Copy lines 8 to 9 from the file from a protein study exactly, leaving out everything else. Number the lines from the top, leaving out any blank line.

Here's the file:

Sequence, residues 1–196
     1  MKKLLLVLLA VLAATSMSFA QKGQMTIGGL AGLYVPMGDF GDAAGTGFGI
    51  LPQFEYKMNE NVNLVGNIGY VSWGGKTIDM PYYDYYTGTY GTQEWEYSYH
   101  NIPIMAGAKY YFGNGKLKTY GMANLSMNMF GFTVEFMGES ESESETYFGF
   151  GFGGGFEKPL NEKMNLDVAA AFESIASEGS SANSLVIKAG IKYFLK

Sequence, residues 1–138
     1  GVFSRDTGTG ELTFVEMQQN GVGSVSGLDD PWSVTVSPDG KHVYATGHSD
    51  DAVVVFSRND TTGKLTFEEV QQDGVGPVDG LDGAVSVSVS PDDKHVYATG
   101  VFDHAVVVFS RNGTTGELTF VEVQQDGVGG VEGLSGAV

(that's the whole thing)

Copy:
    51  DAVVVFSRND TTGKLTFEEV QQDGVGPVDG LDGAVSVSVS PDDKHVYATG
   101  VFDHAVVVFS RNGTTGELTF VEVQQDGVGG VEGLSGAV